Tucked away next to North Campus lies Timarpur — home to several government employees, particularly generations of Bengali families who migrated to Delhi when the capital shifted here from Calcutta in 1911.
While Chittarajan Park, known as mini-Bengal, has lakhs of devotees (and then some), it is the Durga Puja in Timarpur which has more cause for celebration this year. Organised by the Timarpur & Civil Lines Puja Samity, the Puja here is celebrating its 100 years.
The Bengalis here say they have the British to thank for bringing Durga Puja to Delhi.
“My grandfather worked for the British government in Calcutta, and when the capital shifted, we too moved to Delhi. We would go back to Calcutta for Puja every year. My grandfather would take a month’s leave, and so did other Bengalis. The British couldn’t afford to have a majority of their staff gone for a month, and that too at the same time. So they encouraged us to celebrate Durga Puja here,” 59-year-old Samit Brahmo, vice-president of the Samity, says.
It started out as a small-scale celebration, a ghoroa (homely affair) of probashi Bengalis (Bengalis living outside Bengal).
“In those days, one person would provide the space for the puja, another would cook the food and a third person would organise programmes,” samity member Anand Shankar Sengupta says.
“I came to Timarpur with my parents in 1924. The elders prepared for the event four-five months in advance — drama and dance rehearsals were held in different places and the children would gather at the residence of Indu Bowmick, where the idol was always made. When I turned 10, I was given the honour of serving the mother goddess,” 93-year-old Heramba Mukherjee recalls.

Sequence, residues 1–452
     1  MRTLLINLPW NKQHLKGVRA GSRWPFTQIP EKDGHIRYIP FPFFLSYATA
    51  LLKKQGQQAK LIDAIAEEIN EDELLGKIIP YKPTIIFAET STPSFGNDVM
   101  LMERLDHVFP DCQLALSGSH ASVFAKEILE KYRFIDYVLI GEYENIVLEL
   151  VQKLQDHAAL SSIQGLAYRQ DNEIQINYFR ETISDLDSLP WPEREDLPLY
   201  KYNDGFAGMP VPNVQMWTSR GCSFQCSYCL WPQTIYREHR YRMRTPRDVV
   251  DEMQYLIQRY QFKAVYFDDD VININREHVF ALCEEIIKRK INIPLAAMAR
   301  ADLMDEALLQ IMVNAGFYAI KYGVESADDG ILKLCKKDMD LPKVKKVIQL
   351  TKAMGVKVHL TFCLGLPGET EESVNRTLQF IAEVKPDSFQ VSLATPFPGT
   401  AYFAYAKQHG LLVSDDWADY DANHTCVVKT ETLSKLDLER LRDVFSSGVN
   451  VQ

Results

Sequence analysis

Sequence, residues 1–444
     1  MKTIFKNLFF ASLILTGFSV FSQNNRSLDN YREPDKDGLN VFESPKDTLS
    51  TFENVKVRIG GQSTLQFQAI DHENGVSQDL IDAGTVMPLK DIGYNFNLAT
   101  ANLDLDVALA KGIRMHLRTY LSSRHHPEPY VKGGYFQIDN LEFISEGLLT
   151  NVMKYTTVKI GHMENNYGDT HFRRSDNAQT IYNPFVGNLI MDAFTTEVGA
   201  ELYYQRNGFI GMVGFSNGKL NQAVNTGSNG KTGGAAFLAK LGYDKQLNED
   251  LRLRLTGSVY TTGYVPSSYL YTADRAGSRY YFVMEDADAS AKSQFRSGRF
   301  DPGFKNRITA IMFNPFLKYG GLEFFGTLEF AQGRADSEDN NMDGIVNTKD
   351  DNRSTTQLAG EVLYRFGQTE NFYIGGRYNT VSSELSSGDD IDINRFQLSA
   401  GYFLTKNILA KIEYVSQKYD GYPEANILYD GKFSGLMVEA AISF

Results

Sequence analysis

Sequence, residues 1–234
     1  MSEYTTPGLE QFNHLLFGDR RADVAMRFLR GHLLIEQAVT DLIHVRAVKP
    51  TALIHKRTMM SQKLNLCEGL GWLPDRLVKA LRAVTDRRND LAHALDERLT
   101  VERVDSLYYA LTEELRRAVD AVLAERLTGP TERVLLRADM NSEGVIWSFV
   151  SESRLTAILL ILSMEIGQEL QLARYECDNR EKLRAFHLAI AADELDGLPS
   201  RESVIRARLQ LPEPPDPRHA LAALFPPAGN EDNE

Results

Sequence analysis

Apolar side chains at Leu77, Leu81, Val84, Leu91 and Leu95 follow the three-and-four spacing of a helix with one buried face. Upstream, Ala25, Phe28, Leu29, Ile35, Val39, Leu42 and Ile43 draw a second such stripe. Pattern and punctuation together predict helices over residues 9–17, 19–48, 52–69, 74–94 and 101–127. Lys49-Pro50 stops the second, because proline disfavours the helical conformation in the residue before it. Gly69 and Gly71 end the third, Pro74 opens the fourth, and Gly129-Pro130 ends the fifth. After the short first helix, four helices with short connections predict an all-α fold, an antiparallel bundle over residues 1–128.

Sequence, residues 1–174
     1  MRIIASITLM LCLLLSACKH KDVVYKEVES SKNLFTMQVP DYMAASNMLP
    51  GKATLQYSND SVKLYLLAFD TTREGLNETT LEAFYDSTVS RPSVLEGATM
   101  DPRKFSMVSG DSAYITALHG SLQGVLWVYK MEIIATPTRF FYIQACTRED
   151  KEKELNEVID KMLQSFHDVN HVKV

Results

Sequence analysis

One of the major attractions of the Puja during the ‘30s was the screening of Bengali movies.
“People didn’t have TVs and there was no way to watch Bengali movies in Delhi. So, the samity would screen the most popular Bengali movies of that time over two days of the festival. We would hire a guy who would bring the film reels and a 35mm projector to the pandal on a ‘phat-phat’ auto. Others brought home-cooked biryani and traditional Bengali food and we would watch movies till 4 in the morning,” Mukherjee says.
The screening stopped in the mid-’80s